Privacy. That's iPhone. An image from Apple's 2020 advertising campaign

Apple’s New Ad Campaign Goes All the Way To Washington

Apple’s new marketing campaign could drastically affect data privacy policy in the U.S.

Privacy. That's iPhone. An image from Apple's 2020 advertising campaign

Data privacy is a growing concern on many of our minds, but the global tech giant is now making it a commercial priority. If their previous market success is any indication of what is to come, the issue is about to grip a massive audience that may have never looked beyond the company’s sleek styling and easy-to-use products.

You might have seen Apple’s new ad campaign featuring three second scenarios of various people announcing their intimate information in public places. The kind of information that is usually confined to search bars and private texts. Apple’s new message for their audience is “Some things shouldn’t be shared.”

The ad’s tone is still lighthearted, but the topic is a significant leap from the dancing technicolor silhouettes, the shot on iPhone movies, and the “Hey, Siri” spotlights that we’ve seen this past decade.

The marketing shift toward preserving data privacy indicates that public interest over the issue has reached a critical mass. Apple’s marketing influence has strong potential to shift the political conversation that has built up around encryption – the technology that scrambles information and makes your digital data private.

The preposterous examples in Apple’s new ad campaign contrast sharply against the seriousness of their brief legal battle following the devastating San Bernardino shootings in 2015. Apple drew praise and criticism for refusing to work with the FBI when they requested Apple develop software that could unlock the iPhone owned by the shooter.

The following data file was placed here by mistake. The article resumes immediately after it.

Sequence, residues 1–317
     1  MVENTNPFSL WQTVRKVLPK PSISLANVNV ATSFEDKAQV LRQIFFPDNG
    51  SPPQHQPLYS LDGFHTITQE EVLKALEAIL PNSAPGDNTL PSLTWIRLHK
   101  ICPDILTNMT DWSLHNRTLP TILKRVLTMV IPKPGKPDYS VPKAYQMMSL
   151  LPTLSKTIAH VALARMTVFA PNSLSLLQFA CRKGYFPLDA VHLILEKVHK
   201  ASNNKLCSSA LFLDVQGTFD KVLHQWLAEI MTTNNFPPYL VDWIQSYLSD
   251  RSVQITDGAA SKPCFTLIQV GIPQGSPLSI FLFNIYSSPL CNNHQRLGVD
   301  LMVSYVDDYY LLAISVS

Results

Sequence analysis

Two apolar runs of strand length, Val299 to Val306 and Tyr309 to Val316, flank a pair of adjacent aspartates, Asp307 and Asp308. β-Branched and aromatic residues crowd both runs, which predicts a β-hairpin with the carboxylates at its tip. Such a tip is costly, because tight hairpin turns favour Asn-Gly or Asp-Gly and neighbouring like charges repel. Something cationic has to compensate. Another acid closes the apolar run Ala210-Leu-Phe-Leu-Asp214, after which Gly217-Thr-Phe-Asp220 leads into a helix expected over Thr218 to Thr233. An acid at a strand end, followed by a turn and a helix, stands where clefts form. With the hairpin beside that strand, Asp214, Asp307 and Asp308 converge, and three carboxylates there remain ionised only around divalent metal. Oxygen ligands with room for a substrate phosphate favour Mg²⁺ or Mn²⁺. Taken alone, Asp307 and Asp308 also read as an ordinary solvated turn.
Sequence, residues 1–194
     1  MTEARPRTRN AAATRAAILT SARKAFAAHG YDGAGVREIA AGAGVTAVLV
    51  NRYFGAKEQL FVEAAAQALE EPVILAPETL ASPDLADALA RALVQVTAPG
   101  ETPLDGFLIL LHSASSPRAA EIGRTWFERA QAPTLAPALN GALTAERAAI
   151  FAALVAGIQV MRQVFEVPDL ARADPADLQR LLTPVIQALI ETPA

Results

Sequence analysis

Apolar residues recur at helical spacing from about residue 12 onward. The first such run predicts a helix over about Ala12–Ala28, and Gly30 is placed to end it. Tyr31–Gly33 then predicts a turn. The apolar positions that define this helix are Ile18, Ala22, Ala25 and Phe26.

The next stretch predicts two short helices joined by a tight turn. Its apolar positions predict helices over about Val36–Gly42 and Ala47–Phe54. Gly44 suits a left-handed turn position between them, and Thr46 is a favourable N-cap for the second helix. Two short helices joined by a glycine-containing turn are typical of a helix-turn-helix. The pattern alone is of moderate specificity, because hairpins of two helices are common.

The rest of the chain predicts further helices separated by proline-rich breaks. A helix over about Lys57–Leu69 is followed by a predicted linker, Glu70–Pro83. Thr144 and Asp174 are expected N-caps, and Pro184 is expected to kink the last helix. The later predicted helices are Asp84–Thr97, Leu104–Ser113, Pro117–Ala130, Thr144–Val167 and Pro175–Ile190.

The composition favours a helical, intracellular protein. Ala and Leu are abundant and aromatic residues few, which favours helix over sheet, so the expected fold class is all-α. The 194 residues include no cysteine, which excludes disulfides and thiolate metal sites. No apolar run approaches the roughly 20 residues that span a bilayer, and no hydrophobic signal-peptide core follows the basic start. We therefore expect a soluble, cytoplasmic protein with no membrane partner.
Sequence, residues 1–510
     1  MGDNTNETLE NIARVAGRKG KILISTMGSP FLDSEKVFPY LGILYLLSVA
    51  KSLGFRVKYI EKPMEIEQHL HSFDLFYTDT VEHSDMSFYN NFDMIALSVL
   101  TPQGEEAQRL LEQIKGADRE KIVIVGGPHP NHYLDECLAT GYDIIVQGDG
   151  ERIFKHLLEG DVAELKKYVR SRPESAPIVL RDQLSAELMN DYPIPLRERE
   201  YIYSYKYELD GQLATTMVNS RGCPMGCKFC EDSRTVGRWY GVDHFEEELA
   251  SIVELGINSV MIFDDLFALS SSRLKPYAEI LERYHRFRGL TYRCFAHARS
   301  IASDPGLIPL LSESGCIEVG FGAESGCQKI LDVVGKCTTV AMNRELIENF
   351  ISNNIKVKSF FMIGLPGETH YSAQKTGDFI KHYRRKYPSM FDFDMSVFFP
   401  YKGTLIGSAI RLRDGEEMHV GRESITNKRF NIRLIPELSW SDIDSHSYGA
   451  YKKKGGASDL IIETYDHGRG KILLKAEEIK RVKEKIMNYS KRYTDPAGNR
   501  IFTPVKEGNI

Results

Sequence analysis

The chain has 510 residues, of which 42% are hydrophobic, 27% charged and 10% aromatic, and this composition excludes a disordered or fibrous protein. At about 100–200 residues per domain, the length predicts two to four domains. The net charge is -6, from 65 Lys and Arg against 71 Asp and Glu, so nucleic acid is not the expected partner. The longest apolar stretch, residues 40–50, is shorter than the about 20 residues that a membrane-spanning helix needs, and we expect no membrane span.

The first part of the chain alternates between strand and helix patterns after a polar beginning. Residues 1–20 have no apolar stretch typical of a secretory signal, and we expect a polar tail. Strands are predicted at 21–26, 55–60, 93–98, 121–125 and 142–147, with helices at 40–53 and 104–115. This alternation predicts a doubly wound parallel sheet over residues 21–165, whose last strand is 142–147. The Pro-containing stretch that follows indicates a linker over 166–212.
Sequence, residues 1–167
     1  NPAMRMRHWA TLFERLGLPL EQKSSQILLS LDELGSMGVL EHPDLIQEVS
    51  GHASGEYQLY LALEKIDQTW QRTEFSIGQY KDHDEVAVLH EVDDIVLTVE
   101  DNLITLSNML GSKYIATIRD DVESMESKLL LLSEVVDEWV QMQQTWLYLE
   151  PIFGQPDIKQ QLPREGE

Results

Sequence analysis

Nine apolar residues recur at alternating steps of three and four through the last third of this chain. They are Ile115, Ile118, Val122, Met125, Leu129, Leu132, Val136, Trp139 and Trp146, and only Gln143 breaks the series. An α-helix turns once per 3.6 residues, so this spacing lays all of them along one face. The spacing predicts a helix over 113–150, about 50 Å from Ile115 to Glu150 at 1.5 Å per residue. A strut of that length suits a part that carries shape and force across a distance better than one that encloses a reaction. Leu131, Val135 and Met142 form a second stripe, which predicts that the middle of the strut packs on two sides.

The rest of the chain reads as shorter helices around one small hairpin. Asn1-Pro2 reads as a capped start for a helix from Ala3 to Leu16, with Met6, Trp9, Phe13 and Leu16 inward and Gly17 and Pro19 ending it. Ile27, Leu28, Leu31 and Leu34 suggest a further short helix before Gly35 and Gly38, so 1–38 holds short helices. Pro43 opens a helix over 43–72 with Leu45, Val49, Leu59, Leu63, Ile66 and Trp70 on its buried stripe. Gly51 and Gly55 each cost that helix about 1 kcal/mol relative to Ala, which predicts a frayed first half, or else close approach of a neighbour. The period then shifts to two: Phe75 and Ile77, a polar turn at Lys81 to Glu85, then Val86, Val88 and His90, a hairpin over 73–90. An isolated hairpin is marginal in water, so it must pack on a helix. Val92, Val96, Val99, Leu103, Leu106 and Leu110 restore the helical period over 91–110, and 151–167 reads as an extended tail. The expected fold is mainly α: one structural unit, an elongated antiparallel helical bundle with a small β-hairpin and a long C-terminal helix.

The FBI insisted they needed what was on the phone to investigate the terrorist act and prevent any possible follow up. Apple insisted they couldn’t unlock one phone without jeopardizing every phone they’ve ever sold.

Considering Apple sold over 200 million phones worldwide in 2016, the potential for overreach is significant. As is the negative commercial impact of breaching user trust. Our brief digital history has also shown that once such a vulnerability is created or exposed, it is only a matter of time before the power leaks to more nefarious actors who will exploit whatever information they can for whatever purpose they choose.

With this recent ad campaign, it seems Apple is doubling down on their position.

The company’s message comes at a time when members of the “Five Eyes” – an intelligence partnership between government agencies in the U.S., Australia, New Zealand, Canada, and the United Kingdom – continue to press tech giants like Apple over concern that their technology puts citizens and societies at risk.

Encryption is essential for maintaining secure communications and transactions online, which in turn empowers our freedom of speech. It secures the public against unchecked surveillance states and our new surveillance economy. And it helps extend the spirit of our fourth amendment to digital space

The problem is encryption also empowers illicit activity like childhood sexual exploitation, terrorism, and extortion. Unlike comparable analogs – like a private home or a locked safe – encrypted data cannot be decoded and obtained with a search warrant – the standard procedure in search and seizure law

Unfortunately for the Five Eyes, forcing Apple to provide access to encrypted phones won’t solve the issue. There are numerous alternatives outside their jurisdiction and bad actors can easily go elsewhere.

If Apple does expand the conversation to the masses, we might finally see a more honest and robust discussion around the issue. Policymakers should stop politicizing data privacy while ignoring the reality of the technology. They should limit new policy efforts to mandating consistent reporting by tech companies and reinforce support for the organizations and companies already fighting the problem.

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